Overdosed America Paperback Edition Available

"Some of the nation's worst drug dealers aren't peddling on the street corners, they're occupying corporate suites. Overdosed America reveals the greed and corruption that drive health care costs skyward and now threatens the public health. Before you see a doctor, you should read this book." - Eric Schlosser, author of Fast Food Nation

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Excerpts: Introduction | Chapter 13 | Chapter 14

Excerpts from Chapter 14

This is the mother of all sleights of hand: the transformation of medical science from a public good whose purpose is to improve health into a commodity whose primary function is to maximize financial returns. As a result of this sleight of hand, the gap is widening between the scientific evidence that impartial experts (not paid or threatened by the medical industry, not biased by other personal concerns, and granted unrestricted access to all of the evidence) would agree upon and the perceptions that actually drive American health care. This growing gap is at the core of the crisis in American medicine. And why are we surprised? The drug companies have no more responsibility to oversee the public's health than the fast-food industry has to oversee the public's diet.

The substitution of narrow corporate interests for medical progress has produced some dramatic excesses. When the manufacturer of Paxil performs nine clinical studies on the treatment of adolescents for depression and finds that Paxil is no more effective than placebos and, in fact, significantly increases the frequency of "emotional lability├»¿½ (including suicidal thoughts and attempts), it's no problem. The company publishes one study that shows a benefit, fails to publish the other eight, and markets away. When British drug authorities spill the beans? No problem. A task force of the American College of Neuropsychopharmacolgy is convened, and concludes that the new antidepressants are safe for adolescents after all. Too bad the task force didn't have access to some of the information that was available to the British drug authorities. But perhaps that didn't seem like so much of a problem, because, according to the New York Times, "Critics of the medicines noted that 9 of the 10 task force members had significant financial ties to the pharmaceutical industry. . . .├»¿½ (However, the task force insisted that no industry money financed their report.) What to do when the FDA epidemiologist in charge of analyzing all the antidepressant studies involving children concludes, just like the British drug authorities, that twice as many children treated with the new drugs (except Prozac, which is available as an inexpensive generic) became suicidal, and that the FDA should therefore discourage doctors from treating children with these drugs? Just bar the expert from testifying at the FDA's public hearing. Then don't make him available for an interview with the New York Times, which reported the story on April 16, 2004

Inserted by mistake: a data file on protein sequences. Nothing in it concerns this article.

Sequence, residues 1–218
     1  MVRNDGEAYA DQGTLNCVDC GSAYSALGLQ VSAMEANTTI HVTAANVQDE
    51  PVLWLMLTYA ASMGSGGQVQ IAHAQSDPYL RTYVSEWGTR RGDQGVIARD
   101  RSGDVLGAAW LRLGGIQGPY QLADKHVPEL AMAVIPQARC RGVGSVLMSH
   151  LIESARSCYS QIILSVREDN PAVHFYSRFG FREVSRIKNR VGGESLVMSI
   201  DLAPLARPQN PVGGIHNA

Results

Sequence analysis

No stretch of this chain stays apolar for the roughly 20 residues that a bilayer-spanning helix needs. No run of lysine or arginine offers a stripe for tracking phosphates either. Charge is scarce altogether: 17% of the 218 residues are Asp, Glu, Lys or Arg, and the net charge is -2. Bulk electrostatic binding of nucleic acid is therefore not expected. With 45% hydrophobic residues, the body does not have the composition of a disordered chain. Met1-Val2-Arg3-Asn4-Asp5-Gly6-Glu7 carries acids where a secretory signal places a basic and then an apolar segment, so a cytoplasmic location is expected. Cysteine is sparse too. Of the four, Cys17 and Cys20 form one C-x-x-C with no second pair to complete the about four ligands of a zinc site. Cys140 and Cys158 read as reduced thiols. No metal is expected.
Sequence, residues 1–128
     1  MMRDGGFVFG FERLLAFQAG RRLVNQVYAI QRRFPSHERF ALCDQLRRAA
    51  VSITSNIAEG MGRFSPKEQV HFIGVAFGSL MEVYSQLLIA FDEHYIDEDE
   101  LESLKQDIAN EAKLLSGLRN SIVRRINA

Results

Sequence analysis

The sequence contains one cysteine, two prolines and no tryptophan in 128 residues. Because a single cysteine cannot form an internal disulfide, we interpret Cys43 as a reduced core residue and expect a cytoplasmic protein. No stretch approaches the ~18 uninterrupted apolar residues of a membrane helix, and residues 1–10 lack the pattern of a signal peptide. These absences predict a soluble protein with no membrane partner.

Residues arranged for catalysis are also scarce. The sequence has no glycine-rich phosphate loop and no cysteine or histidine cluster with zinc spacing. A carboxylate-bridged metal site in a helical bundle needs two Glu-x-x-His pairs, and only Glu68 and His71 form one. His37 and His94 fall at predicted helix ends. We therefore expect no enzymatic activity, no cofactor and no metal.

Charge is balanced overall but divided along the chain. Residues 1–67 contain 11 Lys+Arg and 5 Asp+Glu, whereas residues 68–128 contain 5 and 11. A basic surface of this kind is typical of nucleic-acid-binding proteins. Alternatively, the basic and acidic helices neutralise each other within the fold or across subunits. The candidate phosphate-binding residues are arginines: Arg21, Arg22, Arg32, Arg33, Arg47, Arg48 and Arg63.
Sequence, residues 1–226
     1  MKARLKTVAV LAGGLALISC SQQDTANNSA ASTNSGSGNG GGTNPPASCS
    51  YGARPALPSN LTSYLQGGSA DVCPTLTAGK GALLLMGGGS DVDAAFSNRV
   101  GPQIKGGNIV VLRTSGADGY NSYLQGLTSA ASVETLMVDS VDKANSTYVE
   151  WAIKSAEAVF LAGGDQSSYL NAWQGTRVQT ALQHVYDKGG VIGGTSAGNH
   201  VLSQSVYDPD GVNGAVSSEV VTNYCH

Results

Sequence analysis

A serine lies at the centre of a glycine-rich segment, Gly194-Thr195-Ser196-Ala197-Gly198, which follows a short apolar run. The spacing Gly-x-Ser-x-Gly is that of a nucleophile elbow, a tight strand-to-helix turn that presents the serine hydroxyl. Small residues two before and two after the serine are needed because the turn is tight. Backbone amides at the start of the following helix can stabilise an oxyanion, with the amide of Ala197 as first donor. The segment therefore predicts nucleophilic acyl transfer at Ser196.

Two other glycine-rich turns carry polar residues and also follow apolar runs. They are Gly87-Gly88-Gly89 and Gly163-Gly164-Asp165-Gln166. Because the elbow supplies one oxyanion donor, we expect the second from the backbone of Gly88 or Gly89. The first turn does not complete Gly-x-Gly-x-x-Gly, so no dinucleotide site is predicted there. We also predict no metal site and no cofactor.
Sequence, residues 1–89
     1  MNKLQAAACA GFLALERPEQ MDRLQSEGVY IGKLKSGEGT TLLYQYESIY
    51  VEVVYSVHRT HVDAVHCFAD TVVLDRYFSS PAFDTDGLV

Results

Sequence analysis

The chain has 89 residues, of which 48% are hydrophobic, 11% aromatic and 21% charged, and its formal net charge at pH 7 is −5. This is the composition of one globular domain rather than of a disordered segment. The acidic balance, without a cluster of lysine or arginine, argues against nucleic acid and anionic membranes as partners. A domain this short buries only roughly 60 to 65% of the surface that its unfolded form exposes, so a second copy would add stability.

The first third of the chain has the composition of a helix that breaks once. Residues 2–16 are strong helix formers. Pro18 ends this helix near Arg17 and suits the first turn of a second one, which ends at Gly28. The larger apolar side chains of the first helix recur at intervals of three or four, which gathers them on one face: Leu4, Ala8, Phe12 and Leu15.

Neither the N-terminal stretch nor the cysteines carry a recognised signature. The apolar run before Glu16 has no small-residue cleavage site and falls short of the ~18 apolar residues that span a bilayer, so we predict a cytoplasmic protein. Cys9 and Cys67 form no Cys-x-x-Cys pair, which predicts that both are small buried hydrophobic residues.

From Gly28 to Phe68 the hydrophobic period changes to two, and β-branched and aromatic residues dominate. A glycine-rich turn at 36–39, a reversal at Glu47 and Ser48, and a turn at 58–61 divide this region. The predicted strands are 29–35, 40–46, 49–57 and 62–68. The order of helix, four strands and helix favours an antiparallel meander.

You don't like the way the study of an expensive drug for blood pressure is going? A nonissue -- just stop the study before the results reach statistical significance.

Endovascular Technologies (a wholly owned subsidiary of Guidant, the company that manufactures implantable defibrillators) manufactured a $10,000 device to repair aortic aneurysms that dangerously malfunctioned in a third of the 7600 patients in whom it had been used. Did this frequency of malfunction stop Endovascular Technologies? No. The company reported 7 percent of these events to the FDA and sold on. According to a plea agreement entered into with the United States government in 2003, the company belatedly disclosed another 2628 serious malfunctions and 12 deaths. No problem. It agreed to pay $92 million to cover criminal and civil penalties and then picked up with business as usual on other products.

Your drug company just received an official warning letter from the FDA for the "false and misleading├»¿½ marketing of Celebrex, Vioxx, Pravachol, or OxyContin? No problem. The FDA's corrective action is unlikely to displace the false information already firmly planted in the public's mind.

And the list goes on. Controlling medical costs in this near free-for all commercial grab is not just impossible, it is a contradiction in terms. Does it make sense to talk about reducing national expenditures for cars or clothes or beer? Medical care, by far the largest consumer commodity in the United States, is now no different.